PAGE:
Typically, Phi Phong don't harm humans unless threatened, whereby Phi Phong will throw banana stalks cut from the widow's water shoulder pole over the roof of the victim's house. Which will cause the family of the house to suffer many adversities.
Phi Phong can die if someone says that the person who is a Phi Phong, as a ghost.
Phi Phong can be transmitted to another person, from being spit by Phi Phong or eat saliva of Phi Phong.At Phlapphla Subdistrict, Chok Chai District, Nakhon Ratchasima Province. There's a village named "Ban Nong Phi Lok" (บ้านหนองผีหลอก; " Spooky Marsh Village"). It's about 5 km away from the district center. Most of the condition is cassava and paddy fields. This's due to the rumors that have been around for hundreds of years. In the past there were about 100 rais (about 1/3 acres) of wetland adjacent to the dirt road. In the evening, Phi Phong often search for food, therefore no one dares to pass by at night. Until now, this village hasn't been officially promoted as a village.Phu Thai language
Phu Thai (Phuu Thai; Thai, Phu Thai: Phasa Phuthai, ภาษาผู้ไท or ภูไท) is a Southwestern Tai spoken in Laos and Thailand. Although it appears different from the Isan and the Lao languages, it is spoken in areas where these languages are predominant and has been influenced by them. Comparisons of Phu Thai with other Tai languages such Tay Khang. have not yet been done systematically enough to yield convincing results.
Another aspect of Phu Thai is its contact with the Katuic languages, a branch of the Austroasiatic languages. Whether in the Phu Thai areas of Central Laos or in more recent locations of Northeastern Thailand, one can find, along with Phu Thai, a few Katuic dialects known locally as Bru, So or Katang. James R. Chamberlain (2012) focusing on anthropological issues describes “the Phou Thay – Brou relationship” as a “symbiosis” and states that “the Phou Thay – Brou relationship has never evolved into a feudal system”.Phu Thok
Phu Thok (ภูทอก, also spelled Phu Tok), meaning 'lonely mountain' in the Isan language, is a 359 m high isolated hill in the northeastern end of Isan, Thailand. It is in Na Sabaeng Subdistrict, Si Wilai District, at the centre of Bueng Kan Province.Southern Thai language
Southern Thai (Southern Thai/Thai: ภาษาไทยถิ่นใต้ [pʰaːsǎː tʰaj tʰìn tâːj]), also known as Pak Thai (Southern Thai: ภาษาปักษ์ใต้) or Dambro (Thai: ภาษาตามโพร [pʰaːsǎː taːmpʰroː]), is a Southwestern Tai language spoken in the fourteen provinces of southern Thailand as well as by small communities in the northernmost Malaysian states. It is spoken by roughly five million people, and as a second language by the 1.5 million speakers of Pattani and other ethnic groups such as the local Thai Chinese communities, Negritos, and other tribal groups. Most speakers are also fluent or understand the Central Thai dialects.Tao Ngoi District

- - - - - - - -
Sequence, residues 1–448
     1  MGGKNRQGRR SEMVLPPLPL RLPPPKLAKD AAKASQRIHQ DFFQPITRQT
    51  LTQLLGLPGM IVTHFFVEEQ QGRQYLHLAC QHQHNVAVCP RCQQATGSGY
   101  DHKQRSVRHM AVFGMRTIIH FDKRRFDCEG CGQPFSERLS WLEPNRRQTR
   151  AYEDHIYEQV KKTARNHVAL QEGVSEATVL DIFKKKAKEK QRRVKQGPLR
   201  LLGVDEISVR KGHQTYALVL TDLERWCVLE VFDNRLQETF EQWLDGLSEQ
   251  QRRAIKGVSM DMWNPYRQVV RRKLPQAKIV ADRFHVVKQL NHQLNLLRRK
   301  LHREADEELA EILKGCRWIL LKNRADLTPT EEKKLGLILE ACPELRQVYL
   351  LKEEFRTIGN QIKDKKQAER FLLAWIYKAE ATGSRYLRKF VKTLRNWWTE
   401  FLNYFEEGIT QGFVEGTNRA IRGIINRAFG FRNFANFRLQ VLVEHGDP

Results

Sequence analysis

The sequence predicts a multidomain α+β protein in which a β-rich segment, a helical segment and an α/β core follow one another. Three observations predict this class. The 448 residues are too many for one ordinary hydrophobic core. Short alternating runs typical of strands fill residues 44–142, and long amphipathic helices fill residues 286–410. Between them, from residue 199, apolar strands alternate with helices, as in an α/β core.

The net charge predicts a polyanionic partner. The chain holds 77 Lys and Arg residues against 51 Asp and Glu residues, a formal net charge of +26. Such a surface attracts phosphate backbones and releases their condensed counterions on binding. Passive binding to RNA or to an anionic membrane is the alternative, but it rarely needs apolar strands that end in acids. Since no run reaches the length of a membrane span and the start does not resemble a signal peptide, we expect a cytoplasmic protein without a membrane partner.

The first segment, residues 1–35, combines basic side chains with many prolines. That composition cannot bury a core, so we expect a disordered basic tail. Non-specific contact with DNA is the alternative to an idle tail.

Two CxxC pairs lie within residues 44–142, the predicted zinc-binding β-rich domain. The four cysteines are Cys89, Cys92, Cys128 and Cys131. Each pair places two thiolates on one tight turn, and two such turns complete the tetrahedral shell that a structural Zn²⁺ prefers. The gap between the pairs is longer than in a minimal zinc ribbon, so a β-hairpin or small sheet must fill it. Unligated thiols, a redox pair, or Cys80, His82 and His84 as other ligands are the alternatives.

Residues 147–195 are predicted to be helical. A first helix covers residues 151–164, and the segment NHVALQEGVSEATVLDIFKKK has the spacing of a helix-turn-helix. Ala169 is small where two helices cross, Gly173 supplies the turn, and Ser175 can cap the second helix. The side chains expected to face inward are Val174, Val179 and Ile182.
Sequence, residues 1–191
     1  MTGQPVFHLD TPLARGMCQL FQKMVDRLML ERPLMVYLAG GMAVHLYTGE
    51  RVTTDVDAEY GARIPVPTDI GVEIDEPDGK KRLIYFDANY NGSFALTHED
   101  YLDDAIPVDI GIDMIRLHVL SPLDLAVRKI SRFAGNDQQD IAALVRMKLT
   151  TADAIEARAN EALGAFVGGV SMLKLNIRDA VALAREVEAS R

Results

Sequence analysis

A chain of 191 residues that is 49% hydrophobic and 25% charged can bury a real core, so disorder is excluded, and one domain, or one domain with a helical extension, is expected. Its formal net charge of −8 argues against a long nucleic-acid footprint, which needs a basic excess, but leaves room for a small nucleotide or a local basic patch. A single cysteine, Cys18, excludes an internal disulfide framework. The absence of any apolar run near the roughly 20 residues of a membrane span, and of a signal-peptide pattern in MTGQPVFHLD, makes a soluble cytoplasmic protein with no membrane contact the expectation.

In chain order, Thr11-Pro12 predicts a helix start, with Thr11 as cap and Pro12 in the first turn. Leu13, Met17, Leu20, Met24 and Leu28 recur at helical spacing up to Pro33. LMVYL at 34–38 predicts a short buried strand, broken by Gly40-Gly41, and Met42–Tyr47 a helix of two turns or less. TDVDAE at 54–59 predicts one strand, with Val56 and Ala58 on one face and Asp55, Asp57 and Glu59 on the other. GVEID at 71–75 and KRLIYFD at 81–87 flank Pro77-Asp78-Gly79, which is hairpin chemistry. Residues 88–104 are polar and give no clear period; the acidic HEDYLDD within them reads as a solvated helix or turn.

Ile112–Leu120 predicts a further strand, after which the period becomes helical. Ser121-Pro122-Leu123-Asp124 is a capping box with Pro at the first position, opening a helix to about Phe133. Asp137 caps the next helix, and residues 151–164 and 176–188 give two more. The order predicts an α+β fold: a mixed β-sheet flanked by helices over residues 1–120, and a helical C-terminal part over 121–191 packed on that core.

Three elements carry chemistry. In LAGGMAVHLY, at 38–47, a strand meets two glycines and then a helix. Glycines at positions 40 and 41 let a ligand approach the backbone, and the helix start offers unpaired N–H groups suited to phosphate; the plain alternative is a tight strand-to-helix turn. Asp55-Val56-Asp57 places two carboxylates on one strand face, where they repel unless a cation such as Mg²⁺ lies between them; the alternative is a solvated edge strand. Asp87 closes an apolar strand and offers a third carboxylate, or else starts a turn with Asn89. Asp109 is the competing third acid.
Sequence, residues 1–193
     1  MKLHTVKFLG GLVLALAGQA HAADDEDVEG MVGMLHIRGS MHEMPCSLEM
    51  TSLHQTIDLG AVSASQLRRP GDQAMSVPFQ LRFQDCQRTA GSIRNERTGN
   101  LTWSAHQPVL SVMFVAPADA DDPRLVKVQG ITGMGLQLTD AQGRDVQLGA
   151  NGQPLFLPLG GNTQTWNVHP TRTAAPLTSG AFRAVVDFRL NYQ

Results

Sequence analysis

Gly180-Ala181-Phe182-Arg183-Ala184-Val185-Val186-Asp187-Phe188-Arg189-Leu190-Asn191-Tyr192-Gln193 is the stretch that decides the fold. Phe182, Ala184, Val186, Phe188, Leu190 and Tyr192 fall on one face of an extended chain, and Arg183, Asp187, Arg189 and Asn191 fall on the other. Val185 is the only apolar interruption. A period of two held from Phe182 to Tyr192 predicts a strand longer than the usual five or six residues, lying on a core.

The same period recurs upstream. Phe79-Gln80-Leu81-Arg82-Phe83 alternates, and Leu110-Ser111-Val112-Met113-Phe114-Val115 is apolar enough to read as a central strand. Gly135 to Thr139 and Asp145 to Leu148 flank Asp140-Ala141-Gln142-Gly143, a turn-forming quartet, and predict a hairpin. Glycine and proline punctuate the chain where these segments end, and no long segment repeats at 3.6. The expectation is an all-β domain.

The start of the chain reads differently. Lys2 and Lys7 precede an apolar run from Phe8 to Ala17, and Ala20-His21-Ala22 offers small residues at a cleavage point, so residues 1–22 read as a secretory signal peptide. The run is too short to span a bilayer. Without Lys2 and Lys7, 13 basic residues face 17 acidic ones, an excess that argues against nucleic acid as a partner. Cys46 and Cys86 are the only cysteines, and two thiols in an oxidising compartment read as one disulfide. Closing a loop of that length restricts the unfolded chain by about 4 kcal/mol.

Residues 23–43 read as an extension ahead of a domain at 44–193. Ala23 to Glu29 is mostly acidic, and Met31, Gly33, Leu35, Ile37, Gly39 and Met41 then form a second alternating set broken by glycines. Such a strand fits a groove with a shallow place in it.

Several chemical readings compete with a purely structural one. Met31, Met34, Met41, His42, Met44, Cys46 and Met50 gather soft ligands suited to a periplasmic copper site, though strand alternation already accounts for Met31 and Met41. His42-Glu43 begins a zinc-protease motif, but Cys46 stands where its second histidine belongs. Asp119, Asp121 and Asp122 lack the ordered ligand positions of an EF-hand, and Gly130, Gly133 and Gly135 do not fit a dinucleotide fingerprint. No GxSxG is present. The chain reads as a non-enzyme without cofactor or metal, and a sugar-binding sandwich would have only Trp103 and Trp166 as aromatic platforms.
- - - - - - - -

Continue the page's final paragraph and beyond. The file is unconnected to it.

Tao Ngoi (Thai: เต่างอย, pronounced [tàw ŋɔ̄ːj]) is a district (amphoe) of Sakon Nakhon Province, northeast Thailand.Zingiber cassumunar
Cassumunar ginger: Zingiber cassumunar, now thought to be a synonym of Zingiber montanum (J.König) Link ex A.Dietr., is a species of plant in the ginger family and is also a relative of galangal. It is called plai (ไพล) in Thailand, in addition to (ว่านไฟ wan-fai) in Isan language and (ปูเลย bpulai) in northern Thai language. The rhizome of variant 'Roxburgh' is used medicinally in massage and even in food in Thailand, and somewhat resembles ginger root or galangal. In aromatherapy, plai oil is used as an essential oil and is believed to ease pain and inflammation. It is also known as ponlei (ពន្លៃ) in Cambodia.
A Japanese study from 1991 suggests (E)-1-(3,4-dimethoxyphenyl)but-1-ene, an active ingredient of Z. cassumunar rhizomes, has analgesic and anti-inflammatory properties. In addition, an American study found that plai oil exhibits antimicrobial activity against a wide range of Gram-positive and Gram-negative bacteria, dermatophytes, and yeasts. Finally, a 1992 study discovered the zerumbone contained in the rhizomes of the plant has antifungal properties against pathogenic fungi.The plant also contains the essential oils sabinene 31-48%, terpineol 4-30%, and apparently unique curcuminoid antioxidants, namely cassumunarin types A, B, and C.
|Varieties of Thais|
by languages groups
Languages in italics are extinct in Thailand.